At the National Association of Biology Teachers (NABT) conference in Minneapolis this year, there was a little card (above) in the goodie participants were given at the registration booth. The card urged anyone posting content related to the conference to add the identifying “hashtag“, #NABT10, to their postings. A hashtag is a short character string, preceded by the # sign, that serves as a marker. A tag. An indentifier, so that others can find your stuff in the vast sea of information known as the world wide web.
For those not able to attend the conference, the hashtag made it easier to tap into the stream of content coming from the conference – photos, blog posts, tweets (from Twitter), Powerpoint slide decks – any of those items posted online that include the hashtag “#NABT10” can be easily found.
Here’s an example. If you go the web site Tweetchat (a Twitter application that makes it easy to search Twitter with a particular hashtag), you can pull up all of the Tweets posted with that hashtag. Here’s a glimpse of those (the real list is much longer and must be scrolled through).
In that list, you’ll find tweets that I posted during Sue Black and Nancy Monson’s excellent “Biology Best Bets” talk – their fourteenth such talk at NABT. Sue and Nancy give their audience the benefit of their combined 40+ years of teaching experience and shared the most incredibly creative ideas for demonstrations, labs and activities. So, even if you weren’t with us in the room, you could get a “feel” for their talk from the tweets. Not only that, I included the link to their handout (the url of which they gave us during the session) in one of the tweets. It’s the next best thing to being there.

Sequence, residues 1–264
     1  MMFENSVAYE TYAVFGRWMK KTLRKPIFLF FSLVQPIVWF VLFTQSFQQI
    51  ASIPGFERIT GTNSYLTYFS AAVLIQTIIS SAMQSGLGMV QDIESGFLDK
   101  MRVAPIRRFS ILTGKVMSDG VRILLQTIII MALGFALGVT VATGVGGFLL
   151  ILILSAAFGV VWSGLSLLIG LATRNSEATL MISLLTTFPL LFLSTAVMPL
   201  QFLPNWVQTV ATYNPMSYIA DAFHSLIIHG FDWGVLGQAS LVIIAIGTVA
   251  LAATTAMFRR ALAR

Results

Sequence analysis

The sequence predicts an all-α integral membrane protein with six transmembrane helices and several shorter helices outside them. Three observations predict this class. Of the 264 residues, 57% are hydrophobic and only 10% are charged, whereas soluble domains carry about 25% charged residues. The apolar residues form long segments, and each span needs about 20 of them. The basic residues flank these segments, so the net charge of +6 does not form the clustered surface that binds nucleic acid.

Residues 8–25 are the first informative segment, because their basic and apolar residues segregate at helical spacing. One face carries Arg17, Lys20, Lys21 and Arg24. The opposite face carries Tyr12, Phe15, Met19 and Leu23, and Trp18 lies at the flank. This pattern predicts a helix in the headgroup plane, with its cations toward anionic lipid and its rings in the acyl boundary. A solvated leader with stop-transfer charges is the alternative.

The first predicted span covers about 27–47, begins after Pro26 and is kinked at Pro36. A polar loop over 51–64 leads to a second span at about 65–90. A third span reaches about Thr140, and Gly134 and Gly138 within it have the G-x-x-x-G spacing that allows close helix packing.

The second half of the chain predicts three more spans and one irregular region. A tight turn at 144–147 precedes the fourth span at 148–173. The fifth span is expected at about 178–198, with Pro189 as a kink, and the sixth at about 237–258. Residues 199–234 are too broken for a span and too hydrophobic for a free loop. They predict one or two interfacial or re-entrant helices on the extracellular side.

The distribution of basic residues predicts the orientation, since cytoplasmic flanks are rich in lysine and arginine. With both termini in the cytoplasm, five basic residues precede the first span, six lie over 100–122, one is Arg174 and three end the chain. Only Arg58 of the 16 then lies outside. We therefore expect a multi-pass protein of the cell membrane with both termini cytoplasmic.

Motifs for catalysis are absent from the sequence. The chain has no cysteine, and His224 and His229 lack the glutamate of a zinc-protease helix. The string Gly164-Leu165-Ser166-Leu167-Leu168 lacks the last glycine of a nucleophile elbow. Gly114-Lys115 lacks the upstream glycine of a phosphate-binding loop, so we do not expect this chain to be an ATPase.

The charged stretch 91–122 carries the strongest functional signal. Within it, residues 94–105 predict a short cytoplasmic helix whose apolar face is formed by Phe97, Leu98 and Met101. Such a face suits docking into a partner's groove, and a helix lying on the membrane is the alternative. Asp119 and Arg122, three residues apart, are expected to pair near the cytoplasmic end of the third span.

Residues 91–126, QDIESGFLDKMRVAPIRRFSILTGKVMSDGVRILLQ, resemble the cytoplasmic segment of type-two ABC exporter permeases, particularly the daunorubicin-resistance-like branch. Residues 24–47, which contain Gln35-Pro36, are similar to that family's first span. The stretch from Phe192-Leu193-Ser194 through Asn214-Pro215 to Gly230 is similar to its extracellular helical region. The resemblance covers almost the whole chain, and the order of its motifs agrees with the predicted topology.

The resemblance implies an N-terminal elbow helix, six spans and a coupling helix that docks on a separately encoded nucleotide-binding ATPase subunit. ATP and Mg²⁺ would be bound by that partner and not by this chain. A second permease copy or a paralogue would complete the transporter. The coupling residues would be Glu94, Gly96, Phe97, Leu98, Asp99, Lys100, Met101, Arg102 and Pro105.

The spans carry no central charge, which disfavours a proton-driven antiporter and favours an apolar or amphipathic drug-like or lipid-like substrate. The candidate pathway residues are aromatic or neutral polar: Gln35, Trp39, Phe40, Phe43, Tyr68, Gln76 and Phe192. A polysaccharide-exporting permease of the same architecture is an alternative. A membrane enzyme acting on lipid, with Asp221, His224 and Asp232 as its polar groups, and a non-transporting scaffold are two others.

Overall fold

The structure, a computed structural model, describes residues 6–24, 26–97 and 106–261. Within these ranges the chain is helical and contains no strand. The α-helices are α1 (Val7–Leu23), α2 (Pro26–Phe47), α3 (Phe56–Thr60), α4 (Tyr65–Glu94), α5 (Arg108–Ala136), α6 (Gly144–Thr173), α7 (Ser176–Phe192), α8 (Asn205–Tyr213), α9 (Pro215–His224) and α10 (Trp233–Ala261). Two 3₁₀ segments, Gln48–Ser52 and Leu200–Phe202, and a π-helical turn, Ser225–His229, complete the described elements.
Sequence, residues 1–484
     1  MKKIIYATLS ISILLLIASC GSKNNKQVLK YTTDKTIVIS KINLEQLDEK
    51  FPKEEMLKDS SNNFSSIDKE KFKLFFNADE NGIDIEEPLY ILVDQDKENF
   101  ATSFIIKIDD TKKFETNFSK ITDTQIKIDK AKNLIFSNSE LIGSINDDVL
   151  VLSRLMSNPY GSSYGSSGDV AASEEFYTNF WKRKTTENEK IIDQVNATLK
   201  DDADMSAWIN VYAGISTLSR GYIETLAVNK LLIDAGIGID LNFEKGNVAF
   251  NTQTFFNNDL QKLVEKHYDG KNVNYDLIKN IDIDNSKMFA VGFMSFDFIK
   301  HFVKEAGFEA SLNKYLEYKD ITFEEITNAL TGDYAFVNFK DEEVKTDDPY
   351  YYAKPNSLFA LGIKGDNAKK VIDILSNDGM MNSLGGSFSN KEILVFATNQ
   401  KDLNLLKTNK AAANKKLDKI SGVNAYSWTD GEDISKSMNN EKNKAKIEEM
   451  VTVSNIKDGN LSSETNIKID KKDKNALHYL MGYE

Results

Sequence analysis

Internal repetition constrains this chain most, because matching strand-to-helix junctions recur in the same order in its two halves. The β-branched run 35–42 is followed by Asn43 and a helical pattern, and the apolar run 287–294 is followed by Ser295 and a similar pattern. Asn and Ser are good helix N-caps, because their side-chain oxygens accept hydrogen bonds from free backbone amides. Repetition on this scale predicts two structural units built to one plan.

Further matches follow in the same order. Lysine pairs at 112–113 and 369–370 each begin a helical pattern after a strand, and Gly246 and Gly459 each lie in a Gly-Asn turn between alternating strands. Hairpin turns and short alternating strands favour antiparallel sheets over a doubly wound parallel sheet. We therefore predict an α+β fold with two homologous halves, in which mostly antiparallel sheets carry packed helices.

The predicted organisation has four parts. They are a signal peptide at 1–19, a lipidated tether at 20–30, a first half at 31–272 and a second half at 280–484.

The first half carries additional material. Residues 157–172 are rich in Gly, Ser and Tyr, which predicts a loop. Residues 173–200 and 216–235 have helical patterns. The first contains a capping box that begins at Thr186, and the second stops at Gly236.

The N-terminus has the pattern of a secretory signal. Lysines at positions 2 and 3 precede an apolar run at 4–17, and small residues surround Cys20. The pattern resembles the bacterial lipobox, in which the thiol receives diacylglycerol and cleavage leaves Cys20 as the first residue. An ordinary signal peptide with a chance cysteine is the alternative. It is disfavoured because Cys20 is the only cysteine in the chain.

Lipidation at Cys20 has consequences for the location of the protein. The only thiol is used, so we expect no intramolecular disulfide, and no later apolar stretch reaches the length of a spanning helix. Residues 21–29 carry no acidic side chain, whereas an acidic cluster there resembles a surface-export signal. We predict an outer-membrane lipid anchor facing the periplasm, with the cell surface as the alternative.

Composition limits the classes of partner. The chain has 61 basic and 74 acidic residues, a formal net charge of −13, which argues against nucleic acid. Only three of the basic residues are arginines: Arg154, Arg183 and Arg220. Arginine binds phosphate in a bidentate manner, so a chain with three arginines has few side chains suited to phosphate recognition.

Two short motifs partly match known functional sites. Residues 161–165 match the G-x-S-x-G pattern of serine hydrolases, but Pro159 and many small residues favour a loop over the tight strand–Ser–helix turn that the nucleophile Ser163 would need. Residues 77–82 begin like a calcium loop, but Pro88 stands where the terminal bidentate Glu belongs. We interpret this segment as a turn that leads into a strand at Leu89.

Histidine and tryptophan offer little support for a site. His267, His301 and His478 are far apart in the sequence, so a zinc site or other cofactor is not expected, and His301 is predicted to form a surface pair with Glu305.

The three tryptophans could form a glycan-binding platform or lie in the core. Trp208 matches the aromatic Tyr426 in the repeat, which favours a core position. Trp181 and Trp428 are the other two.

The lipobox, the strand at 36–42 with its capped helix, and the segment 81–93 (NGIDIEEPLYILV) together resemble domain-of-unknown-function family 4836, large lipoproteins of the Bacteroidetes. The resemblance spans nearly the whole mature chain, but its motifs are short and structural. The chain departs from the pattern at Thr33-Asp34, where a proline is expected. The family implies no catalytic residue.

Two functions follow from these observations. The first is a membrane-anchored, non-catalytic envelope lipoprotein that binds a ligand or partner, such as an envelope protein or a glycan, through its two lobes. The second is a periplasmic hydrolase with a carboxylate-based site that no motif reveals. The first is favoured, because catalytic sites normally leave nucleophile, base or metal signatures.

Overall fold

Here’s another example. On Saturday morning, Richard Dawkins gave a featured speaker address – a Q/A session, attended by every biology teacher there. The room was packed. Scrolling through the list of tweets, you can see that both Stacy Baker and I were “live tweeting” the session, passing along quotes and summaries from the points that Dawkins was making.
And another. Brad Williamson took photos of all of the 4-year divisions poster session posters on Friday evening and posted them in a Flickr slideshow. Since he added the conference hashtag, that slide show is a breeze to find.
A little hashtag like this….just seven characters long….might sound like a small thing, but it’s a big step forward for the NABT organization. A sign of good things to come as this community steps into the future in order to begin to realize the benefits that social media and online communities can offer to the NABT membership.
What’s next? Livestreaming NABT talks over the internet? Communities of new and experienced teachers, tapping into each other’s strengths in online work groups? The AP Biology community contributing and conversing on this NABT Bio Blog? Professional development webinars? Stay tuned…